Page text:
He eyed the rickety structure and shuffled his feet toward the door. “Wouldn't want to take up any more of your time, watch captain…”

“Did I say you could leave?” Her knuckles went bloodless on the handle of the blade, her already thin lips squeezed together in a hard line. Detan glanced at the chair, then back at Ripka. A few traitorous beads of sweat crested his brow. He thought about the selium, looming somewhere behind her desk, but shunted the idea aside. She pointed again.

He obliged. He had a life philosophy of never saying no to a lady with a knife if he could help it. And anyway, something had her wound up crankier than a rockcat in a cold bath. She needed something, and needful people often played loose with their gold.

“Thought you wanted me gone yesterday,” he ventured.

“Then it's too bad you're here today. I want a timeline from you, understand?”

“Oh, well. Let's see. In the beginning, the firemounts broke free from the sea–”

“Stop. Just. Stop.”

He shut up. He didn't often know when he was pushing it, but he knew it now.

“Thratia is making a grab for the warden's seat, understand? I can't have you in my hair when I've got her in my shadow.”

“Oh.”

“Yeah,
oh
.”

He grimaced. Detan had been all over the Scorched Continent a half dozen times easy and he had yet to run into a woman more ruthless than ex-Commodore Thratia Ganal. Sure, she was Valathean bred and all sweetness and light to anyone with gold in their pockets. But it had to be the right amount of gold, backed by the right intentions.

Poor as a smokefish? Better work for her. Enough gold to buy a proper uppercrust house? Best pay your fire taxes, Aransa was a dangerous place, after all. More gold than her? Better invest in whatever she wants and then sod right off to wherever you came from.

A pleasant conversationalist, though, so that was something.

Rumor had it Thratia didn't appreciate the spidery arm of Valathean law meddling with the Scorched settlements, which meant Ripka was in the shit if Thratia took over. Even with the whole of the Darkling Sea between Valathea's island empire and the Scorched, the empire's control over its frontier cities was absolute through its selium-lifted airships and its watchers. The watchers held to imperial law, and kept the Scorched's selium mines producing to fill Valathean needs and Valathean coffers.

And Thratia didn't much care for Valathean needs, now that they'd kicked her loose.

He stifled another
oh
, watching the honorable watch captain through enlightened eyes. The way she kept glancing at the door, as if she were worried someone would barge in. The way she held her knife, point-out and ready to dance. She was scared senseless.

And scared people were easy to play. Detan leaned forward, hands clasped with interest, brow drawn in grave understanding.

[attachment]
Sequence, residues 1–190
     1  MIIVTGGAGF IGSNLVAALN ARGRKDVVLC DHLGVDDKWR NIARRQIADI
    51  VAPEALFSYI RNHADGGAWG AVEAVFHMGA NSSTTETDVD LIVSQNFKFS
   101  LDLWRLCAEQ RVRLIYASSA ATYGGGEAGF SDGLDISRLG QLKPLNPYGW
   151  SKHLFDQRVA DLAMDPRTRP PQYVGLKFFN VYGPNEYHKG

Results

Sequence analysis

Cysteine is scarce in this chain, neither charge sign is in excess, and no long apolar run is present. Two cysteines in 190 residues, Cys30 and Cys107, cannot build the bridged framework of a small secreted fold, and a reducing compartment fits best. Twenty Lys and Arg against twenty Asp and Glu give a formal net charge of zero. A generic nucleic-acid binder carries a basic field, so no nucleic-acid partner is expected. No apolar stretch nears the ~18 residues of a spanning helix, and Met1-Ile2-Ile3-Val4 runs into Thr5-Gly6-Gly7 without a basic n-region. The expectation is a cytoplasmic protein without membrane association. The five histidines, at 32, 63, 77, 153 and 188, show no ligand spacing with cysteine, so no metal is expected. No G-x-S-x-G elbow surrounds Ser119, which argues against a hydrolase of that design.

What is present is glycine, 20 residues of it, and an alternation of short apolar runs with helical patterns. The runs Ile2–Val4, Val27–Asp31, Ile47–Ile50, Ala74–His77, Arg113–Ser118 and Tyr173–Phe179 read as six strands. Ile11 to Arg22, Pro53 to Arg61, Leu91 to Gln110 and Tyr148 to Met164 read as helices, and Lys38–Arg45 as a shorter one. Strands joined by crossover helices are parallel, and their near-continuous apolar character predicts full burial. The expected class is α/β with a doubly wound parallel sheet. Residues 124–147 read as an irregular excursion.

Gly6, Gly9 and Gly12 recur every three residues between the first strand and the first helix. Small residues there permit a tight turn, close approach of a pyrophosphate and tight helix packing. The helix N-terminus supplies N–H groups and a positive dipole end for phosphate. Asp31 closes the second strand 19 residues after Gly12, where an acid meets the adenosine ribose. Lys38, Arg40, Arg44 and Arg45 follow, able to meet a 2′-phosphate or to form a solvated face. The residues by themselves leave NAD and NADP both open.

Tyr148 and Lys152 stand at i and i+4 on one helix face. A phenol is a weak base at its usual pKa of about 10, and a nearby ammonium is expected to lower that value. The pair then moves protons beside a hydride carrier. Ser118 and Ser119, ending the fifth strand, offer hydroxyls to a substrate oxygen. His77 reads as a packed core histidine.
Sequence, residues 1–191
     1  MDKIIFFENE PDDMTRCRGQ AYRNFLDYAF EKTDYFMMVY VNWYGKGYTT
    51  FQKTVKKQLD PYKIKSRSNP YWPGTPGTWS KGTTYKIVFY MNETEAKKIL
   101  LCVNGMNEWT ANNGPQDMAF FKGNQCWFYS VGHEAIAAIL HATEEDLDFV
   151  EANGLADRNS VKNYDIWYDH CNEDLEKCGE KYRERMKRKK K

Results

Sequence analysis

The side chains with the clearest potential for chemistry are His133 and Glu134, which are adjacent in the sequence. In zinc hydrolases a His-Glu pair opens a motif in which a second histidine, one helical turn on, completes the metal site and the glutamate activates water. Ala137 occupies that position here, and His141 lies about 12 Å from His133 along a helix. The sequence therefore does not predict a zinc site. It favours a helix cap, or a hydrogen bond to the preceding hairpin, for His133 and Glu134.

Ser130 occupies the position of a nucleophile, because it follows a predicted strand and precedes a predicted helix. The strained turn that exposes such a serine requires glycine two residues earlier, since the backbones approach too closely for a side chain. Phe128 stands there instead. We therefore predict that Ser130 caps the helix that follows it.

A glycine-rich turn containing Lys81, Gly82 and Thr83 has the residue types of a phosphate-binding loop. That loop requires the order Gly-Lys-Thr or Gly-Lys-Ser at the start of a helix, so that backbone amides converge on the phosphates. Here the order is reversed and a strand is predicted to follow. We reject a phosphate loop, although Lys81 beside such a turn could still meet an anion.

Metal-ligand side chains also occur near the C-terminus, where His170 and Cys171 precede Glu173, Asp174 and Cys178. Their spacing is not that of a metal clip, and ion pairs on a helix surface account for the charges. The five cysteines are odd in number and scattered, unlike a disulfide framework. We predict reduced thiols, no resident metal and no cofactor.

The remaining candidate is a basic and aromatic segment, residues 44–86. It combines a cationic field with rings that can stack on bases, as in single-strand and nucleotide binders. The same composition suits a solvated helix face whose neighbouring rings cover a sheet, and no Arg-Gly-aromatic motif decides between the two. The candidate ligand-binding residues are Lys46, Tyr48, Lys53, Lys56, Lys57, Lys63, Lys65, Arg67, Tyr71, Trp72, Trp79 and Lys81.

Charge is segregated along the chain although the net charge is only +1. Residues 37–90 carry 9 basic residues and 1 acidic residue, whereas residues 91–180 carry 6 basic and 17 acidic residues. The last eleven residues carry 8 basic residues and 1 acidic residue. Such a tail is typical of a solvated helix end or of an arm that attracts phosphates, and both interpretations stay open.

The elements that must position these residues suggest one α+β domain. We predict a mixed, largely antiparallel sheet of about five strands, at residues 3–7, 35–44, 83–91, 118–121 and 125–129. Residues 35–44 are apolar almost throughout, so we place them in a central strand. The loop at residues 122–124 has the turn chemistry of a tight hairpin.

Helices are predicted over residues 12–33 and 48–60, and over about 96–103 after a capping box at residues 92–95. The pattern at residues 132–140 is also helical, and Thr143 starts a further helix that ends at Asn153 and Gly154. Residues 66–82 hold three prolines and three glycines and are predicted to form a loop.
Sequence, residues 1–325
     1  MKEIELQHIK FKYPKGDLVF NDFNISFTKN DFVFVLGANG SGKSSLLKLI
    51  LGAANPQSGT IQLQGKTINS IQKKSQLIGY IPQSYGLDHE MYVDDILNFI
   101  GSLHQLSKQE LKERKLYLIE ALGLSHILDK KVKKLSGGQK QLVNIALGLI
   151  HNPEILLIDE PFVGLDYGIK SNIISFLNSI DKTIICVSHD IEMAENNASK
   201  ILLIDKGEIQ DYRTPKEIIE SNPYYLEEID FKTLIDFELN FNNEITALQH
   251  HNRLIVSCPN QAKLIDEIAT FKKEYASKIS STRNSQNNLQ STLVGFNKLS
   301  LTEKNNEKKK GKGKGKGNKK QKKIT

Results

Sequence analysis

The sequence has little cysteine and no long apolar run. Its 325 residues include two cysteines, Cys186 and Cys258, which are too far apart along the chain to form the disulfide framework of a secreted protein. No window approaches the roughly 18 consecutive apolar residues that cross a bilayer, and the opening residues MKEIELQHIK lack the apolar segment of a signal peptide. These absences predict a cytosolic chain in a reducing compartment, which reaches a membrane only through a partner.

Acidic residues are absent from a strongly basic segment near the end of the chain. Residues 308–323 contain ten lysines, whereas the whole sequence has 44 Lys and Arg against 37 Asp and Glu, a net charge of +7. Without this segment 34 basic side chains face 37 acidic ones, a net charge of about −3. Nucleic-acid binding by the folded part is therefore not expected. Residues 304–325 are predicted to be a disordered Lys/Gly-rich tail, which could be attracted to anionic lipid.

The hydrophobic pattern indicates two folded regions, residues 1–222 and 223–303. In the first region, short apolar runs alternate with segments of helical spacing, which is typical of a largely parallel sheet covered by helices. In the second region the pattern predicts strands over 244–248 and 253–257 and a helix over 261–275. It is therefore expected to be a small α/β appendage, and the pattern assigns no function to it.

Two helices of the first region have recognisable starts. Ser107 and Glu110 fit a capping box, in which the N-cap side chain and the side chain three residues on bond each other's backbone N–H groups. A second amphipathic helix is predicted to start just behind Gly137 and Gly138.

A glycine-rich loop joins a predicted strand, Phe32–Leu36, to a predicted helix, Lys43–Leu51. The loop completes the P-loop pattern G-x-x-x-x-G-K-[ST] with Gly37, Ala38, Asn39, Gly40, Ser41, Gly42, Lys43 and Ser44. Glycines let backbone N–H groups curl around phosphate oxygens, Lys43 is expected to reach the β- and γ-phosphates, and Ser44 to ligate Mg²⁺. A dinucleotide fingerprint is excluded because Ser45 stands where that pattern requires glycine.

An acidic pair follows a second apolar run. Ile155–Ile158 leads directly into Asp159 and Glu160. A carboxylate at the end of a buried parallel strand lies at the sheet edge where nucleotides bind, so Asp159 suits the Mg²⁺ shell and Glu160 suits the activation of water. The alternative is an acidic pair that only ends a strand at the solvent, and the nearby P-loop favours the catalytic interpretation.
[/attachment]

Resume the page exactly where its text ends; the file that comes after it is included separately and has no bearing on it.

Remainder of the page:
“You think she was behind the warden's death?” he asked, just to keep Ripka talking while he worked through the possibilities.

“That crow? I doubt it. It's not her style, wasting something as valuable as selium to make a point. The favorite theory going around right now is it was a doppel.” She snorted. “Caught one a few days back, impersonating some dead mercer. City's been seeing them in every shadow ever since. Might as well be a ghost or a bogeyman, but I can't ignore the possibility. Your mouth is open, Honding.”

He shut it. “Are you serious? A
doppel
?”

He'd heard of the creatures – every little Scorched lad grew up with stories of scary doppels replacing your loved ones – but he'd never seen one before. The amount of skill and strength it'd take to use a thin layer of prismatic selium to cover your own face, changing hues and sculpting features, was so far beyond his ken the thought left him speechless. He was all brute strength when it came to his sel-sensitivity. He even had trouble shaping a simple ball out of the lighter-than-air gas.

“They're not pets, rockbrain,” Ripka said. “They're extremely dangerous and if they're geared up to attack the settlements then we're going to have to send word to Valathea.”

Detan's mouth felt coated in ash. Valathea liked its sel-sensitives just fine, but as Detan had found out to his own personal horror it liked them weak, fit for little more than moving the gas out of mines and into the buoyant bellies of ships. Anytime the sensitives got too strong, or their abilities deviated from the accepted standard, Valathean steel came out ringing.  

“That'd mean a purge,” he said.

She tipped her chin down, and her gaze snagged on the knife in her hand as if seeing it for the first time. For just a moment, her mask slipped. Detan squinted, trying to read the fine lines of her face. Was that sadness? Or indigestion? Ripka rolled her shoulders to loosen them and retightened her grip.